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The FTSE 100 insurer and popular high-yield punt announced first-half operating profit down 10% to 935 million pounds. Reasons cited for the setback included adverse exchange-rate movements, claims relating to bad weather, a disposal, and higher restructuring costs.
Aviva's figures were also blighted by an 876 million pound goodwill write-off relating to the group's U.S. operations.
However, the dividend was sustained at 10 pence per share.
Within the statement, Aviva revealed that its general-insurance profit had improved 1% to 461 million pounds, life-assurance profit had fallen 7% to 1 billion pounds, and fund-management profit had dropped 10% to 38 million pounds. It also confirmed that a "strategic plan" announced in July had remained on track and reminded investors of "a new economic capital level of 160% - 170% of required capital."
Aviva declared a net asset value of 395 pence per share on a standard IFRS basis, as well as 421 pence per share based on a special industry measure called "market consistent embedded value."
John McFarlane, Aviva's chairman, said: "While this has been a challenging first half, we are taking the necessary actions to improve our position going forward. This environment is likely to continue and therefore we expect second-half performance trends to be broadly similar to the first six months, but with higher restructuring costs as we implement our strategic plan."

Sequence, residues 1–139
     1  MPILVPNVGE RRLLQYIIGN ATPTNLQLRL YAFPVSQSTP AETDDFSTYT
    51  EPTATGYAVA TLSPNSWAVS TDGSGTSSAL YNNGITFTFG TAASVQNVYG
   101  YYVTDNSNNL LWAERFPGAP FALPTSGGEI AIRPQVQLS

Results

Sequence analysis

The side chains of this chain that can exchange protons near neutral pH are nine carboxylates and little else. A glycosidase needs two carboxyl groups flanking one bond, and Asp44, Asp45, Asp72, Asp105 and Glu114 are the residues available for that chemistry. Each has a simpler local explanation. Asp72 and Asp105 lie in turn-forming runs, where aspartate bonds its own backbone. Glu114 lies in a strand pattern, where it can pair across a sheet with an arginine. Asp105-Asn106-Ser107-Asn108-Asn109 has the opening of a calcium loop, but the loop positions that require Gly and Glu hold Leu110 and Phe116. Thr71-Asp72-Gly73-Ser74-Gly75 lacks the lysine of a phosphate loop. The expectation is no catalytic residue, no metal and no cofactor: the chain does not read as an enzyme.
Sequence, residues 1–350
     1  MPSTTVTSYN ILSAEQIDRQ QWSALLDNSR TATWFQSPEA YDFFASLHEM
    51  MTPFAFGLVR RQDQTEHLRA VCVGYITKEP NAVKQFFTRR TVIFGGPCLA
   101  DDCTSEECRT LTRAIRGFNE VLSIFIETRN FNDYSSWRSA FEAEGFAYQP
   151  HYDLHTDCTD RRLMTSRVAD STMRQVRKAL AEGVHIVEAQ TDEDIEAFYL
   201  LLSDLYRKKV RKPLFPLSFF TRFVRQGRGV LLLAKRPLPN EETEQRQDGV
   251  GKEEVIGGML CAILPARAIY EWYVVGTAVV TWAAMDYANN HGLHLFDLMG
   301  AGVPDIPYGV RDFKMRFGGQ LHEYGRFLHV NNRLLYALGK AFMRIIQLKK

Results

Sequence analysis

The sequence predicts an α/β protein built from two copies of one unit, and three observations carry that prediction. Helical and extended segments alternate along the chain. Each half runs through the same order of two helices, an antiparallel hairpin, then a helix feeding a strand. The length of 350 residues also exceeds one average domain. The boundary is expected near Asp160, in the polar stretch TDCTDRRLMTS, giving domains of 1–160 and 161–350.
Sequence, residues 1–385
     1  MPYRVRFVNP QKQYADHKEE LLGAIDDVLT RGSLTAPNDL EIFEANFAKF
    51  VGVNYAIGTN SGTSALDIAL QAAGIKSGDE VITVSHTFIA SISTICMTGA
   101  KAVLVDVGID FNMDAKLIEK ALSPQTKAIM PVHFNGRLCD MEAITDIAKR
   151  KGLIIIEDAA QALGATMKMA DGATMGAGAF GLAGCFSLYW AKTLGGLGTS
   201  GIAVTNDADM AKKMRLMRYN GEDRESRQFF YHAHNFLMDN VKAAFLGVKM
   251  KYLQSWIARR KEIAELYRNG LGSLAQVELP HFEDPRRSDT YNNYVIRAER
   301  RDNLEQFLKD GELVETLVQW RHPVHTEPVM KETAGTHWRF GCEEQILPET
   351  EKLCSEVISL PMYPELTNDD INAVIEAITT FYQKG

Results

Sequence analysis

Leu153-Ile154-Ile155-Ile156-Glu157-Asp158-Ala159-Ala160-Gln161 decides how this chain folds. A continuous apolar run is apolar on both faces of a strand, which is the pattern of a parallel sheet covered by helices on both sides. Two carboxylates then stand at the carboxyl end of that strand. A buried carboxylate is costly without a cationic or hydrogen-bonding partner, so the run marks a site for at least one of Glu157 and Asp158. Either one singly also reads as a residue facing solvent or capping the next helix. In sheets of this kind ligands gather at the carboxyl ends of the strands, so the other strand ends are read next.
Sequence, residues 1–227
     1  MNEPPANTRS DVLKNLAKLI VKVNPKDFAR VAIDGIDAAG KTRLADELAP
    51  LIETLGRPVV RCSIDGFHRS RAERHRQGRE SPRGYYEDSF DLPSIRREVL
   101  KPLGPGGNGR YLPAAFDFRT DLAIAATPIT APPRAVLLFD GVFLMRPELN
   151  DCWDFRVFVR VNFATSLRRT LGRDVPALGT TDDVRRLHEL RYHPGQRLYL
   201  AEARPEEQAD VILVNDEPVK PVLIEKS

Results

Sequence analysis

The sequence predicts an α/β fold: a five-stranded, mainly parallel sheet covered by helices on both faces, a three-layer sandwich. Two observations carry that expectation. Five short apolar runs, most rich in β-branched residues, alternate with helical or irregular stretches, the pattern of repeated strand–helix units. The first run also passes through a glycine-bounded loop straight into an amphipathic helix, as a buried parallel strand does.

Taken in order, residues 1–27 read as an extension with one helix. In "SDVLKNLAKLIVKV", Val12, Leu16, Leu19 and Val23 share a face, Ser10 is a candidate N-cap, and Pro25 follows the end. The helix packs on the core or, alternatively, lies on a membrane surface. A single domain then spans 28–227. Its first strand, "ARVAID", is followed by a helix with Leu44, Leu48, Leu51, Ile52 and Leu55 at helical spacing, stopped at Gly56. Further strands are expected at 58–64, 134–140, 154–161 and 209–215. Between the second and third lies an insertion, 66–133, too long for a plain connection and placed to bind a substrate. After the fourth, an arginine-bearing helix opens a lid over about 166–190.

Despite a recent rally, which has seen the price gain 20% from its summer low, Aviva's shares still look inexpensive on three basic valuation measures.
Doubling up the group's first-half underlying result gives possible full-year earnings of 46 pence per share, which would support a P/E of seven. Furthermore, depending on which net asset value figure you believe, the 320 pence shares may represent either 81% or 76% of the insurer's balance sheet. And assuming the second-half dividend follows the first-half trend and is maintained as well, a 2012 payout of 26 pence per share would provide an 8% income.
Indeed, Aviva is just one of a number of FTSE large caps that offer a dividend income well ahead of what you can expect to receive from a standard savings account. If you are seeking other high-dividend possibilities, The Motley Fool has produced a special free report that could assist your investment decisions.
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